Dateline: Philadelphia, 11 July 1693. Black slaves met together in Philadelphia on the first day (Sunday) of the week and apparently disturbed the peace. How did the Quakers clamp down?
William Markham is the Lieutenant Governor in place of William Penn, who had left Philadelphia to go back to England. The Councilors were Andres Robeson, Esq.; Robert Turner, Esq.; and Patrick Robinson, Secretary and Esquire. By the early 1690s, the Council had been taken over by trained lawyers. “Regular” Quakers, like William Clayton, had long since been squeezed out.
Modern transcription begins:
Upon the request of some of the members of the Council that an order made by the Court of Quarter Sessions for the County of Philadelphia the 4th July Instant (proceeding upon the presentment of the Grand Jury for the body of the said county) against the tumultuous gatherings of the negroes of the town of Philadelphia on the first days of the week, ordering the constables of Philadelphia or any person whatsoever to have power to take up negroes, male or female, whom they should find gadding abroad on the said first days of the week, without a ticket from their Mister or Mistress or not in their company, or to carry them to jail, there to remain that night and that without meat [food] or drink and to cause them to be publicly whipped next morning with 39 lashes, well laid on, on their bare backs, for which their said Mister or Mistress should pay 15d to the whipper at his delivery of them to their Mister or Mistress and that the said order should be confirmed by the Lt. Governor and Council.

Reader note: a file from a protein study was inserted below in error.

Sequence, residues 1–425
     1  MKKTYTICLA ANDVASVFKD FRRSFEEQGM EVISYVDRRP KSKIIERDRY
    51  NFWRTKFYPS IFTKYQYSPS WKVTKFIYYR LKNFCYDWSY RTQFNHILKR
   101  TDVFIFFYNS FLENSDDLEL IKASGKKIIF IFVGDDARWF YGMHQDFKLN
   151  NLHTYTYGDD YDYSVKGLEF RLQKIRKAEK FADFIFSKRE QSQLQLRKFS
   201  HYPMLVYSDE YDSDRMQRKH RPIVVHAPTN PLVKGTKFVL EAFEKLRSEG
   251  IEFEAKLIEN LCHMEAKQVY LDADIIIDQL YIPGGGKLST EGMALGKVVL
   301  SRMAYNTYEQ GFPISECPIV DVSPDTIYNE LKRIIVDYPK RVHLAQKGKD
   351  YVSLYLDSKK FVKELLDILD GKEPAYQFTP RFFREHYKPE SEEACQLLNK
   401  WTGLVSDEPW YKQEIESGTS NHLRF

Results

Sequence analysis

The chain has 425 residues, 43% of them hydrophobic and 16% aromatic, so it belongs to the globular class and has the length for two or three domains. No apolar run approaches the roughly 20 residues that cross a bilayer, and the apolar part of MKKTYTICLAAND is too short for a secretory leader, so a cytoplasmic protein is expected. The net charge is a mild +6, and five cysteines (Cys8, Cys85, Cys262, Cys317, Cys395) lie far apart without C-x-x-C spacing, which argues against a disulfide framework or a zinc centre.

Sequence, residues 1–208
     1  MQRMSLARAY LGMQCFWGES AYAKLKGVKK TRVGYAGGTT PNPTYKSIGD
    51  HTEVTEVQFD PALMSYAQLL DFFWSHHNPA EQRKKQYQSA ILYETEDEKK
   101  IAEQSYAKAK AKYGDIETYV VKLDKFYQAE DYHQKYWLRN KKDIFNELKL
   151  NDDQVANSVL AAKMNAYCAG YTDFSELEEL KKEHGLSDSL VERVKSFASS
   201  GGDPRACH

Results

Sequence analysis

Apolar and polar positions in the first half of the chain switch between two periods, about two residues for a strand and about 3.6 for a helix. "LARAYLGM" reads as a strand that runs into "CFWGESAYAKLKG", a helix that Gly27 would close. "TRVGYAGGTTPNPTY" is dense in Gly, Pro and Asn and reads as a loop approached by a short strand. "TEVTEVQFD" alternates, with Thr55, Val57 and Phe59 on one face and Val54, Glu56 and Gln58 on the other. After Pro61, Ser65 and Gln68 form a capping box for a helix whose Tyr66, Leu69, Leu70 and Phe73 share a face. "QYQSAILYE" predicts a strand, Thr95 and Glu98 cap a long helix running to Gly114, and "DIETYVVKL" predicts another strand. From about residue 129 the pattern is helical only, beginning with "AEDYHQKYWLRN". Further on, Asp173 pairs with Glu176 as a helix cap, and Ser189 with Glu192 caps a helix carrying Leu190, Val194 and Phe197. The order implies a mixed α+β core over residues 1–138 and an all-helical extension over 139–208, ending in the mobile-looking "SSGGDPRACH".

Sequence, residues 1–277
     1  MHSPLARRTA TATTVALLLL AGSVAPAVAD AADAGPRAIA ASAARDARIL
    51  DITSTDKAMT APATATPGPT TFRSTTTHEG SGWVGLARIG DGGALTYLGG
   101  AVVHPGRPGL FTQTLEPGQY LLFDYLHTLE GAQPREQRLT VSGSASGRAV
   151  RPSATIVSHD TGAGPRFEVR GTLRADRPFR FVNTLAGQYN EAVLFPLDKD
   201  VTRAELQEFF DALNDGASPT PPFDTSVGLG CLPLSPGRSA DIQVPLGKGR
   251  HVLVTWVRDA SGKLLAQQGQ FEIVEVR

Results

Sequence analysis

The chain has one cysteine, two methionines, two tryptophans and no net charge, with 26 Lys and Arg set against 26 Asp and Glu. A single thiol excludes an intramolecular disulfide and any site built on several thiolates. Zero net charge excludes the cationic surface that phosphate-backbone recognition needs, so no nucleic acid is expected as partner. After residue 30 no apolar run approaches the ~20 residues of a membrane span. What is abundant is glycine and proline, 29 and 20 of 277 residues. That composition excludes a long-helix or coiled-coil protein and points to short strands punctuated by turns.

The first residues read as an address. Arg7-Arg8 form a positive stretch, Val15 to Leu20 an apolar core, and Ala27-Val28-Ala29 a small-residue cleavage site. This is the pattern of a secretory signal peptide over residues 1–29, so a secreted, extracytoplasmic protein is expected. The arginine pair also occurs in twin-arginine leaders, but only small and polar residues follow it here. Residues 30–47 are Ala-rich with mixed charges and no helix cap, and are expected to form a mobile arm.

The Lt. Governor and Council, looking upon the said presentment to proceed upon good grounds and the order of Court to be reasonable and for the benefit of the inhabitants of the town of Philadelphia, and that it will be a means to prevent further mischiefs that might ensue upon such disorder of negroes, do ratify and confirm the same and all persons are required to put the said order in execution.
Quakers did not abolish slavery in their community until 1761.
Whipping is found in the Old Law (Deut. 25:2-3). Even white servants were whipped for things like theft or fornication. In this case, it looks like the whipper has a financial incentive to find as many blacks as he can, and the master and mistress has the same incentive to keep their slaves calmed down (as the owners defined the term).
But what was the disturbance on the first day of the week (Sunday)? A noisy church meeting? Or just a noisy gathering to let off steam? Whatever the case, the Quakers shut it down. They like silence and maybe feared a revolt (i.e. “hidden mischiefs”), but it seems there may not have been enough slaves to launch one. So who knows?.
Minutes of the Provincial Council, vol. 1, 1683-1700, (Jo. Severns and Co. 1852), pp. 380-81.